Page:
Obsessive-Compulsive Disorder (OCD) is a mental health condition that affects every conceivable aspect of your life, including oral hygiene.
How to Moderate & Control OCD with Oral Hygiene
Obsessive-compulsive disorder is a serious and pervasive mental health condition. The overpowering thought processes associated with OCD are oftentimes focused on cleanliness. Oral hygiene is one such area where people with OCD tend to focus on. The obsessions (the pervasive thoughts) and compulsions (the actions) combine to create the disorder known as OCD. The individual often has no control over these invasive thoughts which overtake all sense of logic, despite the individual understanding that the thought processes are inherently flawed.
While some people are able to hide their OCD from the outside world by keeping their thoughts to themselves, the disorder is alive and well in the patient. There are many ways that OCD is expressed in people, including compulsive tooth brushing. At first glance, such actions may appear to be helpful in maintaining good oral hygiene, but this is far from the truth. Periodontists caution strongly against overzealous toothbrushing, particularly with the wrong toothbrush, the wrong technique, and the wrong frequency. Unfortunately, people suffering from OCD are never satisfied with the cleanliness of teeth and gums.
In an effort to alleviate the obsessive thoughts about germs and bacteria, the compulsive action of over-brushing takes place. This type of behavior has to be addressed swiftly before irreparable damage is caused. It doesn’t take too much excessive brushing to cause permanent damage to the teeth and gums. The official term for it is toothbrush abrasion. This is the process by which gums begin to recede away from the teeth, eroding the enamel, and exposing sensitive root surfaces. Once this happens, extensive repair work will need to be undertaken to make it bearable for patients to eat, drink, and breathe properly.
Once your guns have been pulled away from the tooth surface, the root surfaces are exposed. This is one type of periodontal disease that can occur. Poor oral health – over brushing in this case – can result in this. More importantly, receding gums can ultimately lead to tooth decay and tooth loss. For people with OCD, aggressive brushing over a long period of time can result in periodontal disease. But it’s not only excessive toothbrushing, it’s also the result of inadequate toothbrushing. People with OCD tend to focus on doing too much, they are generally not prone to under-brushing their teeth.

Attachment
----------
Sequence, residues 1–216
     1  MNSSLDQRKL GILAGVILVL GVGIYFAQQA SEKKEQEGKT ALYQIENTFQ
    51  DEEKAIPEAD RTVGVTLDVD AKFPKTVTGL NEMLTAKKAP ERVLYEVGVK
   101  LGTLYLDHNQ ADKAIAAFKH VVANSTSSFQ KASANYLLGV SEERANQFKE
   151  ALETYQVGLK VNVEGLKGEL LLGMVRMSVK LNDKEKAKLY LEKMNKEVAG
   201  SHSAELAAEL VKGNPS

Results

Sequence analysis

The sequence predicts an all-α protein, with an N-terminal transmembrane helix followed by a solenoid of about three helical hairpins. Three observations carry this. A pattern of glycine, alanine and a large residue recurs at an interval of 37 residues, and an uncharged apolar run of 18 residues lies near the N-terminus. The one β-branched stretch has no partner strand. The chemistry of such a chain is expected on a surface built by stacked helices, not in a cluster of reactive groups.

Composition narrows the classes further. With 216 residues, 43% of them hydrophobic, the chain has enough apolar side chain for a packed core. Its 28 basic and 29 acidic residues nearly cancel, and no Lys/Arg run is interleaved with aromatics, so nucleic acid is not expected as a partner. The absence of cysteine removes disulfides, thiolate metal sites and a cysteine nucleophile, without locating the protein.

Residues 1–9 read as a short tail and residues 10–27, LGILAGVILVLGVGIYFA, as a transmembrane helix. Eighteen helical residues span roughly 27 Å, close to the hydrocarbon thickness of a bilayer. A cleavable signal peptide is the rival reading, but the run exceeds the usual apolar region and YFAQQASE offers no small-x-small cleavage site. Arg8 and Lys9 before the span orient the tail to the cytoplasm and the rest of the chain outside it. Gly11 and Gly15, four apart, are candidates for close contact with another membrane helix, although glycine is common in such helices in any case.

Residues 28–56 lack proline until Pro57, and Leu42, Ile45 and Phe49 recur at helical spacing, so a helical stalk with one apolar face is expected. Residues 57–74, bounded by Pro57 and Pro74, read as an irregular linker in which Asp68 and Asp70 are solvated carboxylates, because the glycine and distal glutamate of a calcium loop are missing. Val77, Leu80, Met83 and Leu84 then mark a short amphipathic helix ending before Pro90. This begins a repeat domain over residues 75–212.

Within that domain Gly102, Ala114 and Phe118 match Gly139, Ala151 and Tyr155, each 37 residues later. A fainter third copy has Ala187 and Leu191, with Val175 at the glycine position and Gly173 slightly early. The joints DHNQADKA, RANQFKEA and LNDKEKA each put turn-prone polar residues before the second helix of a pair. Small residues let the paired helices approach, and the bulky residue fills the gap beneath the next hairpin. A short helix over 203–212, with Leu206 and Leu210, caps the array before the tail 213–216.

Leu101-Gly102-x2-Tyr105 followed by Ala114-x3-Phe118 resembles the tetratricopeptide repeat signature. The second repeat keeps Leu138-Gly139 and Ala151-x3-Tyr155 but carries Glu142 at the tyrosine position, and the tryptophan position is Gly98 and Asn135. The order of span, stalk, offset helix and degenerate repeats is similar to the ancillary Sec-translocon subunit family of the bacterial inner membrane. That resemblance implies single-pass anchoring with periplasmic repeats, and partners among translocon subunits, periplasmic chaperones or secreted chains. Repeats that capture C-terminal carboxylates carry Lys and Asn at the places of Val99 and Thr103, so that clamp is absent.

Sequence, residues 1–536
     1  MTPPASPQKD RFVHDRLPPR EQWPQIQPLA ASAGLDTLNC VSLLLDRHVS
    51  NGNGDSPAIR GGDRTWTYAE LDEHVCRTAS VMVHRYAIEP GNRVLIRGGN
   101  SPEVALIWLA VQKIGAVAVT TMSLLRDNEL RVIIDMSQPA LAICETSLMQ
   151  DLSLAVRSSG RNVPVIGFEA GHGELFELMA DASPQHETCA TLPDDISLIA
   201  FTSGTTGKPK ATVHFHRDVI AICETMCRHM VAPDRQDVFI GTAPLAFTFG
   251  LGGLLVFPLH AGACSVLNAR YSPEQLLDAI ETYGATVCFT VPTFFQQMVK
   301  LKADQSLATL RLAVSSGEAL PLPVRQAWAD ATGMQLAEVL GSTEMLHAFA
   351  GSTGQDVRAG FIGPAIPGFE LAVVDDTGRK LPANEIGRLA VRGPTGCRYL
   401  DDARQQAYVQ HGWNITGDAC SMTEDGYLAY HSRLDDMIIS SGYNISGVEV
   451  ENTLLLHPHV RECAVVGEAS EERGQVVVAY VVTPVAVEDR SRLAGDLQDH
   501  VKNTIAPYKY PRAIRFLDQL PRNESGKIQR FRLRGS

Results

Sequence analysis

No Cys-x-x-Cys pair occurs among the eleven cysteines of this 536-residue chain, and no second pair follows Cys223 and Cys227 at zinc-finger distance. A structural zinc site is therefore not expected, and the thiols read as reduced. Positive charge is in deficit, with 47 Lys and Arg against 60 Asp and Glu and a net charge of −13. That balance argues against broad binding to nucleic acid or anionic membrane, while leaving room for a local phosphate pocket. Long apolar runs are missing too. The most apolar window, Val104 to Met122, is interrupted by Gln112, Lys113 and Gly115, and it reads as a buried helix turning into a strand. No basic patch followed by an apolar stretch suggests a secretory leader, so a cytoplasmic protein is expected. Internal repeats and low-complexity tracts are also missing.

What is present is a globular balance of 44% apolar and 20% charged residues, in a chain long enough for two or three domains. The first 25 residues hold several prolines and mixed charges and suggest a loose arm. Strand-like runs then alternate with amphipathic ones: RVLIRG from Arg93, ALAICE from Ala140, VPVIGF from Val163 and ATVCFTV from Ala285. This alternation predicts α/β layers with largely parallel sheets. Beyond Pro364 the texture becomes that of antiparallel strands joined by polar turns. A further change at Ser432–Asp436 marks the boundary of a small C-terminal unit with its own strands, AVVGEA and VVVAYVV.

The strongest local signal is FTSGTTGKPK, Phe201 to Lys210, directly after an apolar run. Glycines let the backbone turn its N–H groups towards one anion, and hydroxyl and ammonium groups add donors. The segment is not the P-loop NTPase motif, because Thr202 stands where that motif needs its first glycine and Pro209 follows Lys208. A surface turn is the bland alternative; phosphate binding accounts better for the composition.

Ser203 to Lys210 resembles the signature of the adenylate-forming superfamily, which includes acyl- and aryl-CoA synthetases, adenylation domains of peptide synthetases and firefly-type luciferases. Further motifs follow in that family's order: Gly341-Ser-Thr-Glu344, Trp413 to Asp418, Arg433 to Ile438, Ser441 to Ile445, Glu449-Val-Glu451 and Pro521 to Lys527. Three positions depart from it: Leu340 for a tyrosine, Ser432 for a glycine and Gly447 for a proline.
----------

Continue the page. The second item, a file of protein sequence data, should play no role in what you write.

Tackling OCD Head On
There are many symptoms associated with over brushing and receding gums. These include loose teeth, exposed root surfaces, shrinking/receding gums that are easily seen, bad breath, pain at the point where the gum meets the tooth, inflamed gums, and regular bleeding when flossing teeth and brushing teeth. Dentists have a variety of tools at their disposal to tackle the issue of receding gum lines. The first line of defense is putting an end to the incorrect toothbrushing behavior that is driving the receding gums, to begin with. With OCD, it can be much more challenging to stop bad behavior, because the individual believes that what they’re doing is necessary to maintain good oral health.
There are ways to address the OCD-induced over brushing, but it’s not simply a matter of a dentist instructing a patient to stop performing a certain action. Therapy and medication are often the first lines of defense when treating OCD. The goals of the therapist are clear: exposure-response therapy. The therapist explains and demonstrates why it is unnecessary to over brush one’s teeth, and why this behavior will not help but actually harm oral hygiene.
OCD treatment options begin with therapy and medication, and progress to nonconventional measures which have also proven to be highly effective at reversing the symptoms of OCD. These include ECT (Electroconvulsive Therapy), VNS (Vagas Nerve Stimulation), and TMS (Transcranial Magnetic Stimulation). The latter treatment is fully FDA-cleared and is the only one that does not require surgical procedures, sedatives, or anesthesia. It is 100% outpatient, the patient is fully awake, and sessions only last 20 minutes – 40 minutes each, 5 days a week, for 4-6 weeks. It requires the use of an electromagnetic-inducing helmet that targets problematic areas deep within the brain and can safely and effectively alleviate the symptoms of OCD.
Important Point About Over Brushing and Periodontal Disease
The normal pocket size ranges between 1 mm – 3 mm. Gum disease is characterized by anything larger than that. Dentists often refer patients with clear signs of gum disease to a periodontist. If the gum expert has ascertained that there is a bacterial infection, antibiotics will be prescribed. These come in different forms, including antibiotic gel and captions. Patients may also be required to use antimicrobial mouthwashes and enzyme suppressants. The California Dental Association has estimated that 70% of adult tooth loss is directly attributed to periodical diseases. Such is the seriousness of this condition that grafting with flap surgery may be required to remedy it.
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